She stared at the door for a long moment, then glanced at the sky.

“It is not quite time yet,” she informed her friend. “Let us go around to the side window and listen for a few minutes. The more information we can gain before we engage them, the better.”

Muriel nodded. In a moment the two women had slipped through the weeds at the side of the aging structure. Joan picked up a stick and used it to detach a large, intricate spider web from the shutter. She then carefully eased the sagging wood open just an inch. Slowly, cautiously, she drew close to the opening.

Four people were seated around a large, circular oak table, with room for at least two more. Mugs of ale sat before each person. As Joan watched, a buxom waitress with stunning honey-blonde hair came pushing her way through the door, a large ceramic pitcher cradled in one beefy arm. She gave a warm smile to the group as she moved from mug to mug, filling each to the brim.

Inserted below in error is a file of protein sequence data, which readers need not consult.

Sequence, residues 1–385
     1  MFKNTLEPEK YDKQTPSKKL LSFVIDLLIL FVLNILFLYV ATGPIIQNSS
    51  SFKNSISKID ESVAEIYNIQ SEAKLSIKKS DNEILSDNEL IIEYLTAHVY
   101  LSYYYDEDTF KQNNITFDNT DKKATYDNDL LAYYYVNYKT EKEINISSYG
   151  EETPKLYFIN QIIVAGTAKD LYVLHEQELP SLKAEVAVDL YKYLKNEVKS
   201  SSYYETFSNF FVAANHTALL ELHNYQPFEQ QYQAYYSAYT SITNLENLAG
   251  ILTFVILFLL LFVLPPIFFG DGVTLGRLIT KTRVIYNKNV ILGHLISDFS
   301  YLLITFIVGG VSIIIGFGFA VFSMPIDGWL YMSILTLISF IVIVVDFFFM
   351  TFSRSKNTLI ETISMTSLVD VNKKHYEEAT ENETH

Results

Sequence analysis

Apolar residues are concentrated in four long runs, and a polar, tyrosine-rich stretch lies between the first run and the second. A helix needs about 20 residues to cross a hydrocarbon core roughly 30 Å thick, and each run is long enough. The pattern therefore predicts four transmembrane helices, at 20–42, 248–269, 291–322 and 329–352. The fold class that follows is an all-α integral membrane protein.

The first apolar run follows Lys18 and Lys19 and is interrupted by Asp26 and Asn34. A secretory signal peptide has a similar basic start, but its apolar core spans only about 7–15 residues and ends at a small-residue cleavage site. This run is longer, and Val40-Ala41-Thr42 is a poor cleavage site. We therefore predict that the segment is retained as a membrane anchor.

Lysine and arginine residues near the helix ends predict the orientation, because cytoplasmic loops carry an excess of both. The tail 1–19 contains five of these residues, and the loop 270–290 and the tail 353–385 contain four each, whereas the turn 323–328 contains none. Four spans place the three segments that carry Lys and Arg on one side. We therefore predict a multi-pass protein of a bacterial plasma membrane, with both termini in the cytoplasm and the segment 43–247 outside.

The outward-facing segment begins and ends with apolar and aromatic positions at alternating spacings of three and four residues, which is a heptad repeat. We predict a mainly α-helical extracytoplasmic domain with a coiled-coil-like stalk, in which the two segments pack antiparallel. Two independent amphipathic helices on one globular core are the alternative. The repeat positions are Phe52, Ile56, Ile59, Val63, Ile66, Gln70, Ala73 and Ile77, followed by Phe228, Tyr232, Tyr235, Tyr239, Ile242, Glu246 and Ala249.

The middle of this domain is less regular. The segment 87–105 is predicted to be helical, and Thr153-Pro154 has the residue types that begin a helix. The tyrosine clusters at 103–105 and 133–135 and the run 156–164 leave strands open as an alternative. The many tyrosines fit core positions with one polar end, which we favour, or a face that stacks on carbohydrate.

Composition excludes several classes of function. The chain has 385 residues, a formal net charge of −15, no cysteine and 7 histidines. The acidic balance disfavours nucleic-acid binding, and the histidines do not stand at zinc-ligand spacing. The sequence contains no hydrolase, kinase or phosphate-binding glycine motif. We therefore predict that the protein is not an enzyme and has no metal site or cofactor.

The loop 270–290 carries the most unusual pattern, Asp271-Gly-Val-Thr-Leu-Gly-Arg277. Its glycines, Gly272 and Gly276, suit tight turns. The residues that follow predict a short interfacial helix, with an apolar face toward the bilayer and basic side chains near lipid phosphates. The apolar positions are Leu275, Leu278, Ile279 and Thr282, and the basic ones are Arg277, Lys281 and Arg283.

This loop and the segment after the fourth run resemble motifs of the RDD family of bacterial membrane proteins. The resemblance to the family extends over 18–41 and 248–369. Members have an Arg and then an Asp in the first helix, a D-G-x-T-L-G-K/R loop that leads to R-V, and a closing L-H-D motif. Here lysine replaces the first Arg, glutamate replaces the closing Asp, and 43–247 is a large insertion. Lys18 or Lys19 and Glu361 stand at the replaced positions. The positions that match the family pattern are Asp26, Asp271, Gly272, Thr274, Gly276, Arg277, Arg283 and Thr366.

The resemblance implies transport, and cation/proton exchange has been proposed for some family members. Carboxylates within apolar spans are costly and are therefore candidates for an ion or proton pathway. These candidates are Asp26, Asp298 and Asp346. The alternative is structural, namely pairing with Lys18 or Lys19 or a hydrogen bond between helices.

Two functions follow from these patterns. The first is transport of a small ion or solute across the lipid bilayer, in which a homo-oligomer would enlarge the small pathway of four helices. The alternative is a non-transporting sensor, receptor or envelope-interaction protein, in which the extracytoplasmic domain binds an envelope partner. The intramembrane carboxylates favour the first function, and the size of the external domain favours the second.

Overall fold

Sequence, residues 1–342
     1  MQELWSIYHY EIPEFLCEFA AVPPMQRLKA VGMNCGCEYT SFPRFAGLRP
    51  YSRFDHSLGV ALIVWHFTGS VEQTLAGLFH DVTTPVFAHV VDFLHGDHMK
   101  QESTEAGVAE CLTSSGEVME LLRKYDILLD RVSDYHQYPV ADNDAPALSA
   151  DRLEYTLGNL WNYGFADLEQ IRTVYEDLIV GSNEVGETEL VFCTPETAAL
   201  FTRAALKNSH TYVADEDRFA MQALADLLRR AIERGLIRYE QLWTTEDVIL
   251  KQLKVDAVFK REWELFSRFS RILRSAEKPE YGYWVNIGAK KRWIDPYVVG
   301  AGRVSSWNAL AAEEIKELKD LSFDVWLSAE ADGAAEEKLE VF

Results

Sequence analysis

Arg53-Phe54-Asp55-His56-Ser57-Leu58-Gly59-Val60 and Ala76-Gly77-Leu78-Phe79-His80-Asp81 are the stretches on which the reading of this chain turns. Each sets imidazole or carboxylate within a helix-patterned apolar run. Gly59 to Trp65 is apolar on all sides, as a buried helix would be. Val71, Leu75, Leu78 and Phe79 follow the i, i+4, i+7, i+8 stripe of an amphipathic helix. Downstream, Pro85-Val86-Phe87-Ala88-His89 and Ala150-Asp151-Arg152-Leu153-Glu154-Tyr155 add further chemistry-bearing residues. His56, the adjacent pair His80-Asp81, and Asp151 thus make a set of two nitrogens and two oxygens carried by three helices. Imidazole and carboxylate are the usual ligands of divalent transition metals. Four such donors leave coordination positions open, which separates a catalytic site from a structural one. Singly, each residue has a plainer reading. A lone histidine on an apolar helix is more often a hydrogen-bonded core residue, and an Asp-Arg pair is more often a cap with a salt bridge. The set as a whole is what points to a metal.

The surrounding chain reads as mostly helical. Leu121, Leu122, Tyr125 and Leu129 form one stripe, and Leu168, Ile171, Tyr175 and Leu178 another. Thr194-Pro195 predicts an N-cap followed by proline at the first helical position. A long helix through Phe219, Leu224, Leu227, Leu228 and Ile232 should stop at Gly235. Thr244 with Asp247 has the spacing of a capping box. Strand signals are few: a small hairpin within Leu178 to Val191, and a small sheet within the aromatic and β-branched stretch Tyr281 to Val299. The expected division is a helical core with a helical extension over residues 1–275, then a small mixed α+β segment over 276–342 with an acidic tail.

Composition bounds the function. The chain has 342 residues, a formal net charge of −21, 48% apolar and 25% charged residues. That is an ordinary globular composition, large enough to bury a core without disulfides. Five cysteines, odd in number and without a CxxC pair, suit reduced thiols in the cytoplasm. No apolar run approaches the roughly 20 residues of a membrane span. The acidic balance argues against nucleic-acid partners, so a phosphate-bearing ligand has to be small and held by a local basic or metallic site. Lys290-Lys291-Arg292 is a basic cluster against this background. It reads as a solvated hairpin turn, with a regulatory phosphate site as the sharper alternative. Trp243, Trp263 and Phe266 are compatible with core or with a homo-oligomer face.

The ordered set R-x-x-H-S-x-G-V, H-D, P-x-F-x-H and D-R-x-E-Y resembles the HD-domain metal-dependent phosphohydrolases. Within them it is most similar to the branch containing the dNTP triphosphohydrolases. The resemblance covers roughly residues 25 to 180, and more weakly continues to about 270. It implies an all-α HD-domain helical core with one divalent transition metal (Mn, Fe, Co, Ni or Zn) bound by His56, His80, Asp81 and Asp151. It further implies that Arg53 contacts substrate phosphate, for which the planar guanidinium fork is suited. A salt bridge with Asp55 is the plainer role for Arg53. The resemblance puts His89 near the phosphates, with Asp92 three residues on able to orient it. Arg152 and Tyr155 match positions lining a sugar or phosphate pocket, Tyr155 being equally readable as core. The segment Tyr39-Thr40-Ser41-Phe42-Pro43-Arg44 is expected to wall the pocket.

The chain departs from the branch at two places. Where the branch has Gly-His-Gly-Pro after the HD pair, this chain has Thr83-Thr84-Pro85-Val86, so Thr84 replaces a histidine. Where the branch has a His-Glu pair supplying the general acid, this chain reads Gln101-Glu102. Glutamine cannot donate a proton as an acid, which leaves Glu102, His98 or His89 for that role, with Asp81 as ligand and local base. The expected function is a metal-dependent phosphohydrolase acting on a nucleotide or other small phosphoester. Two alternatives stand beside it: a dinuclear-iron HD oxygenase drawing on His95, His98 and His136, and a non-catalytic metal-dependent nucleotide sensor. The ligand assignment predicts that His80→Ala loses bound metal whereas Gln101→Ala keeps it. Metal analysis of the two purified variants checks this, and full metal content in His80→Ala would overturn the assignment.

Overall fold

She stopped solicitously by a raven-haired woman. “Sybil, my duck, would you like that stew now, or later?”

“Later,” snapped Sybil, not looking up. “You know I would not interrupt business with pleasure.”

The waitress looked over at the person next to her, a middle-aged, greying man whose thick biceps reflected an active life. “You hungry for some stew, Norman?”

“Certainly,” he agreed, glancing up and nodding. “With some steamed turnips on the side.”

A thin, wiry man at his side eagerly leant forward, his gaze sweeping down the waitress’s form. “You know what I would like,” he called out in a suggestive tone, his eyes twinkling.

The waitress’s mouth quirked up in a grin. “Stew is all you shall be getting,” she advised him.

She turned to the fourth man, shook her head, and then headed back toward the main room. She closed the door behind her with a gentle thump.

Joan took in a long, deep breath, and then turned her gaze toward the last man at the table. It had been five long years since she had seen him. She could vividly remember that summer’s day on the coast near Jaffa, with the fragrant smell of olives wafting from the kitchens of the seaside restaurant.

She had watched him for an hour, drinking him in as a dying woman submerges wholly, gratefully, in a desert oasis. And then she had turned her back and left. It had been the first time she had seen him in person – and she swore it would be the last. Her heart yearned for him too strongly. She was not free to follow the passions swirling within her.